Just by its name -- Alta Ski Area – you can tell that you’re skiing “old school.” The famed powder mountain is one of the oldest in the country, opening in 1939, and much is the same today -- including an average of 500-plus inches. The Wasatch Range is first to grab Pacific storm snowfall after the Sierra Nevada. The trip across the desert sucks the moisture out, so famous Utah fluffy powder typically arrives atop Little Cottonwood canyon below 10% water content.
If long, rolly-poly blues appeal, then Purgatory Mountain Resort will never disappoint. Spreading across a high ridge on southern edge of the San Juan Mountains, "Purg" averages 250 inches a year on 1,600 acres, and a tad more than 2,000 ft. vert. with nine chairs. Favorable aspects tend north or east -- offering unending views of some of the highest peaks in the Rockies.
Robert Redford's Sundance Mountain Resort maybe just an hour south of its well-known neighbors in Utah's Wasatch Range -- on a clear day you can see the top of Snowbird -- but it feels like you have traveled decades away. Tucked up a steep, tight canyon east of Provo, the resort opened it in 1969 -- and it doesn't seem like much has changed since then.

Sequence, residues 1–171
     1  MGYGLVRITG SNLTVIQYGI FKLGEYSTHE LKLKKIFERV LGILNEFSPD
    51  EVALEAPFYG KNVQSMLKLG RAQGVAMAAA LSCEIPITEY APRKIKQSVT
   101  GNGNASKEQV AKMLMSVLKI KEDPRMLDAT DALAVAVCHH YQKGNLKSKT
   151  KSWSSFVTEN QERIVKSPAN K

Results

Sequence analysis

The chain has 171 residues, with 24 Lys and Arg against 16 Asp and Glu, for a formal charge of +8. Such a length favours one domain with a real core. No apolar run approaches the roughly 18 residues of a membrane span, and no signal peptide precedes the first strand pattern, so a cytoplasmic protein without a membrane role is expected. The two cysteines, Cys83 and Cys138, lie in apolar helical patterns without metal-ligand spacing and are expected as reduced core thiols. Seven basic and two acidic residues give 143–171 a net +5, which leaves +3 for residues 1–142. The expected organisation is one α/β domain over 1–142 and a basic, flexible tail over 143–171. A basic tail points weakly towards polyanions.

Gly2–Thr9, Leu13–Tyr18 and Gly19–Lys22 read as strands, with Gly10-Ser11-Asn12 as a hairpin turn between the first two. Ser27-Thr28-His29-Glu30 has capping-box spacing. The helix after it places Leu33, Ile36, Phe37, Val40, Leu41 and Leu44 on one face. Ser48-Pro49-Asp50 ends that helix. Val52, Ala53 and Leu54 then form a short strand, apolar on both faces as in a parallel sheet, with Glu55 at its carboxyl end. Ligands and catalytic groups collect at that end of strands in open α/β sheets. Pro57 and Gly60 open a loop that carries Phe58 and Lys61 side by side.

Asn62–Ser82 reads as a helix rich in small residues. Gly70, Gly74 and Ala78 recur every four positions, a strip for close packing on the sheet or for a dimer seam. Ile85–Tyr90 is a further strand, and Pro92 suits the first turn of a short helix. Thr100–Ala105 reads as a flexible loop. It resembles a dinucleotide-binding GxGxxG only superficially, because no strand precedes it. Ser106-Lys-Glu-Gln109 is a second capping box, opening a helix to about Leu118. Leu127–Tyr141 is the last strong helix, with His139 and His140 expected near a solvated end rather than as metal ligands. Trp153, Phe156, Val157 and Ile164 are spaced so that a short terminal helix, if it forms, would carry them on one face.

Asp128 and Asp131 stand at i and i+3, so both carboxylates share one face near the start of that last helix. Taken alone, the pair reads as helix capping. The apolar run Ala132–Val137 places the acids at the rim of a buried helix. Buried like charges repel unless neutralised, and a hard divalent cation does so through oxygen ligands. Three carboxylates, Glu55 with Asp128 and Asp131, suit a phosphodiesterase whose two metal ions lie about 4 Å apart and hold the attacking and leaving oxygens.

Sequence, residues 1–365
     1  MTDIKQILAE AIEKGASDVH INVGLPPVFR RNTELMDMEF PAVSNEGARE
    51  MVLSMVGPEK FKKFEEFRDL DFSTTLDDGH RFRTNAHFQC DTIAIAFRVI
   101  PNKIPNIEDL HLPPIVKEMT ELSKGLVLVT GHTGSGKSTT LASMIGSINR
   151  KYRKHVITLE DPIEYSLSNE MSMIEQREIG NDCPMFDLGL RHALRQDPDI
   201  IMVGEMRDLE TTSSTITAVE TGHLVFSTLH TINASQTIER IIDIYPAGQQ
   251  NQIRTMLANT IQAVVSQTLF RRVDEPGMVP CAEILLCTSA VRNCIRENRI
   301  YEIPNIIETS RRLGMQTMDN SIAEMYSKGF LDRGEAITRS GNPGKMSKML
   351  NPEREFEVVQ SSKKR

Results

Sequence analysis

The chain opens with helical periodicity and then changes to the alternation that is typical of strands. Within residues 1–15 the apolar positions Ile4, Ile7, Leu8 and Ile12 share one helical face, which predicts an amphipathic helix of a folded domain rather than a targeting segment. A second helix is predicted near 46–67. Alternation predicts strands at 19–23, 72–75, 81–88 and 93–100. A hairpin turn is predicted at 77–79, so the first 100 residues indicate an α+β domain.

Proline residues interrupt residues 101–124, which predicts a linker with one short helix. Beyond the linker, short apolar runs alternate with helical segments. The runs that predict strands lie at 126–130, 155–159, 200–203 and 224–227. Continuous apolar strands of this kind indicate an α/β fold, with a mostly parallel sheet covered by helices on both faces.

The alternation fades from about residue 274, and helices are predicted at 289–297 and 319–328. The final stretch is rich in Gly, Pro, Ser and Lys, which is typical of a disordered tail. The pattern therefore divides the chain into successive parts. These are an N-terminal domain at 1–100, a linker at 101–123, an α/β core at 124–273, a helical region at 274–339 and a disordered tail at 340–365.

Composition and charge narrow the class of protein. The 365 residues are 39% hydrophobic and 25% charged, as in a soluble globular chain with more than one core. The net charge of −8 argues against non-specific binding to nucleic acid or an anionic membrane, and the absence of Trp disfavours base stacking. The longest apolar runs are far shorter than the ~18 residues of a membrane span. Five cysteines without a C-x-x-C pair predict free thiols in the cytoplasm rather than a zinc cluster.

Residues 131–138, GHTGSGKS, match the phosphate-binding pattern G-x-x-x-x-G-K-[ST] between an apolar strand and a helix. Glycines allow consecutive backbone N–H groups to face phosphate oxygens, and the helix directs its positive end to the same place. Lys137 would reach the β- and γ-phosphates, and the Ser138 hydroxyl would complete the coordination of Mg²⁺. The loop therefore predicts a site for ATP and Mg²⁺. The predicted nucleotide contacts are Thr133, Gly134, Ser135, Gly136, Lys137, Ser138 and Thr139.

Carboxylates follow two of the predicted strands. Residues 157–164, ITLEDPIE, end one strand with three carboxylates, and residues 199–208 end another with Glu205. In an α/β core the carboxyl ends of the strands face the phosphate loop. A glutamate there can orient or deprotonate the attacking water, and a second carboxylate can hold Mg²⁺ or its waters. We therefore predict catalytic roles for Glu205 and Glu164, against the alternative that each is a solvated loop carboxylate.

Taos Ski Valley is a skier's mountain. Not for the faint of heart. It can match steeps with any in the Rockies. And, if storms course far enough south, it's a dry powder snow-pocket nonpareil. Six years of new ownership has smartly overhauled the lifts and base areas of this venerable original-family resort, including high-end hotel The Blake and chairlift to the top of Kachina Peak.